Yoshihiro Tatsumi’s been drawing manga for decades, but he got his big break in America a few years ago with A Drifting Life, especially after it won two Eisner awards in 2010. America is now getting more of his works, including this collection.
The Push Man and Other Stories is a collection of short manga stories, most of them 11 pages long, all written and drawn by Tatsumin in the 1960′s. Each is a modern, realistic story about ordinary people dealing with blue collar lives.
The artwork features simple, clean character designs and rich, detailed backgrounds. The contrast is sometimes striking, and is a wonderful metaphor for the stories themselves. The characters are typically simple people living in complex situations.
My primary complaint lies in Tatsumi’s story structure. Most of the stories end abruptly, as if we’re missing a final page or two. Moreover, the climaxes aren’t merely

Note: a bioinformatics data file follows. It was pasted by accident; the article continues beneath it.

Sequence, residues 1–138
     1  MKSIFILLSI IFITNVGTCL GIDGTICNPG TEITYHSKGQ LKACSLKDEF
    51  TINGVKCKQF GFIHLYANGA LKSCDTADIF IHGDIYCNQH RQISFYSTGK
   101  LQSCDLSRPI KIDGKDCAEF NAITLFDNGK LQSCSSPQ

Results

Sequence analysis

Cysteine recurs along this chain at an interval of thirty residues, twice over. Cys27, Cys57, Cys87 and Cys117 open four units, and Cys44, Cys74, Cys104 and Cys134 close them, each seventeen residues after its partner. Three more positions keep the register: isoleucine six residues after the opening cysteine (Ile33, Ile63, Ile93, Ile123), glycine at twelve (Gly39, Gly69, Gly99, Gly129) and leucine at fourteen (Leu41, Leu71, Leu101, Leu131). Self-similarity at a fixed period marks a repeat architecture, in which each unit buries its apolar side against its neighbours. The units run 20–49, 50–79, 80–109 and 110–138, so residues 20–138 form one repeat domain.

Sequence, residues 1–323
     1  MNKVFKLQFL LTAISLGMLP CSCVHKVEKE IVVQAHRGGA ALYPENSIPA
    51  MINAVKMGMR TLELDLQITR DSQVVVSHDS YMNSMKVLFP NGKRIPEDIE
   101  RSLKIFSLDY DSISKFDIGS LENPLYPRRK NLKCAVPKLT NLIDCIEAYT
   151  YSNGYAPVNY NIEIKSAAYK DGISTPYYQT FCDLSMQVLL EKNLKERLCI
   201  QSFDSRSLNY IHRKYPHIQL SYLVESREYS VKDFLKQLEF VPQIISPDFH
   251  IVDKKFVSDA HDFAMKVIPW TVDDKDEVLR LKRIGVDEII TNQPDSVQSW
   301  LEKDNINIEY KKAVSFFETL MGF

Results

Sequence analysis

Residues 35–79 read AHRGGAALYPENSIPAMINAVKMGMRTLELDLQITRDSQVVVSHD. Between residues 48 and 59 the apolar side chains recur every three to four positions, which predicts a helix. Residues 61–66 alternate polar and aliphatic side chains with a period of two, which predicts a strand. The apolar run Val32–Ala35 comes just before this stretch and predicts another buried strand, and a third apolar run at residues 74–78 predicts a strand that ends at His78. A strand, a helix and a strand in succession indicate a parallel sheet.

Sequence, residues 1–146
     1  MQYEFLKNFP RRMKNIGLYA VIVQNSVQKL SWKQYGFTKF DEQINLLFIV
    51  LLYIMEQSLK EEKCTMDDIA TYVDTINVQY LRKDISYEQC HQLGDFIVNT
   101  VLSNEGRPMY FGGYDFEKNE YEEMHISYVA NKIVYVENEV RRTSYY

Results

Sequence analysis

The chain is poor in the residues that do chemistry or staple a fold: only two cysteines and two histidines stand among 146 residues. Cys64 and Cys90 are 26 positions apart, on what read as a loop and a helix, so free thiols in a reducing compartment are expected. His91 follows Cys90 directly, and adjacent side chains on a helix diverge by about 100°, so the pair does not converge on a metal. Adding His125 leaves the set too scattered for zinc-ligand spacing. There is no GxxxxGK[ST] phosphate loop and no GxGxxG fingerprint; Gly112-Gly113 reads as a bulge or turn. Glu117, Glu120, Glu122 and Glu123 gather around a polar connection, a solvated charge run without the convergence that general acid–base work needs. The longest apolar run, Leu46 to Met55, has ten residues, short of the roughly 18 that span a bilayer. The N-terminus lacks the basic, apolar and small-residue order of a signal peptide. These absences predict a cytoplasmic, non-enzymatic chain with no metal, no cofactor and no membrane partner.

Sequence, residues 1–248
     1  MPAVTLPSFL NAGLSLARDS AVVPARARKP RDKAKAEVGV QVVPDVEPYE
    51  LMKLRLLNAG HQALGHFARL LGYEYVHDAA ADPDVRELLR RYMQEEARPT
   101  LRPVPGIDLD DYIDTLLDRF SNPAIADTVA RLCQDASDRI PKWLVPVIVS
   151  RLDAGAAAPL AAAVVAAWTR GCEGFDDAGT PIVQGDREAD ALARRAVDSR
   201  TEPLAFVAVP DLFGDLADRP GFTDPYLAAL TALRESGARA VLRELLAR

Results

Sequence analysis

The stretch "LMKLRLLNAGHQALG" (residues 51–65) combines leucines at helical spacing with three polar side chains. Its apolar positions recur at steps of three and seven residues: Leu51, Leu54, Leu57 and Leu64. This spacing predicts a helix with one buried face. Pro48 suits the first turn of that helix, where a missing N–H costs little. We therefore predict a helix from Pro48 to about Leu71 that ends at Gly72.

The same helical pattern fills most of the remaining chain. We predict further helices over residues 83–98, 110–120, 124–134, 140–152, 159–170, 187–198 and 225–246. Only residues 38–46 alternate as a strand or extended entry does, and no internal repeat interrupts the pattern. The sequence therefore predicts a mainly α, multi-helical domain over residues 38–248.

Perhaps this was Tatsumi’s intent, but I had to ask: why these moments? It’s the manga equivalent of a movie that just films people exiting a train. Sure, one can fantasize about the lives of each individual as they stride or stumble or walk or run, but that’s all the film lets you do.
FictionThatMatters’ review points to two recurring themes in The Push Man: powerlessness and isolation. Those certainly appear, as does an overpowering sense of displacement. The characters just don’t know who they are or what they should be doing. Moreover, their actions seem pointless: statements against power are quickly reversed.
If you can get past the fundamentally